steak

Jason Patrick’s on 44

by Anne Maxfield on April 22, 2019

Accidental Locavore Restaurant SteakIt’s always great when someone you know fulfills a long term goal and it’s even greater when that goal has something to do with food (and restaurants).

So it is with Jason Patrick’s on 44.

It’s been owner Jay (Jason Patrick) Kiggins’ dream for a long time to have a fine dining restaurant to compliment his pizzeria, Madison’s, and now he’s found his ideal location—the former home of Groggers.

The restaurant has been spruced up and there’s now a lounge with comfortable chairs when you walk in and a large bar room on the right. There’s a large dining room that can be curtained off to accommodate parties of any size.

The menu is pretty classic, or as they call it, “American comfort food favorites,” with an emphasis on steaks at dinner and burgers at lunch.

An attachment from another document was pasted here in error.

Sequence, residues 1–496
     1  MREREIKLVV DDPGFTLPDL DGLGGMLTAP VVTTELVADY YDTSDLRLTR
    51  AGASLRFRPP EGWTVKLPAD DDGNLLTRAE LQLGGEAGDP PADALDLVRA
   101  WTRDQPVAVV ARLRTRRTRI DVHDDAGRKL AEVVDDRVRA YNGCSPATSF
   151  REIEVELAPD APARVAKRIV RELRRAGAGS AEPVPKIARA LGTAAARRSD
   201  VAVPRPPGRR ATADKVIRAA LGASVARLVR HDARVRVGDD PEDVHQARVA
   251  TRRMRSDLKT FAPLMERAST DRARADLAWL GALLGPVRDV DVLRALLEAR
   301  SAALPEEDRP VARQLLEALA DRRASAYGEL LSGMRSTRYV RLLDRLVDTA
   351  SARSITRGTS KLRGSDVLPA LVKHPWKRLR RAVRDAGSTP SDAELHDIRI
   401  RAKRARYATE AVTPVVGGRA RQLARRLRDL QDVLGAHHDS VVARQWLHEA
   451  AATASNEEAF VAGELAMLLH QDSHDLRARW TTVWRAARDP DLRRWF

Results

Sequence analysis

Accidental Locavore Restaurant SoupWe were there for lunch about a month after they opened. I started with roasted jalapeño and shrimp chowder. It was a thick and hearty bowl of chowder with a definite kick from the jalapeños.

Looking for something a bit healthy, I followed it up with the buffalo cauliflower. If you’re expecting breaded and fried, this is a much healthier option. They roast the cauliflower, toss it in a homemade buffalo sauce and serve it with blue cheese dressing to dunk it it. It’s a classic combo but with updated twist.

Janet went for the fried chicken sandwich. It’s a towering pile of a pair of fried chicken thighs, precariously balanced on a potato roll with a southwestern mayo, pickles and fries on the side. The chicken was hot and tasty.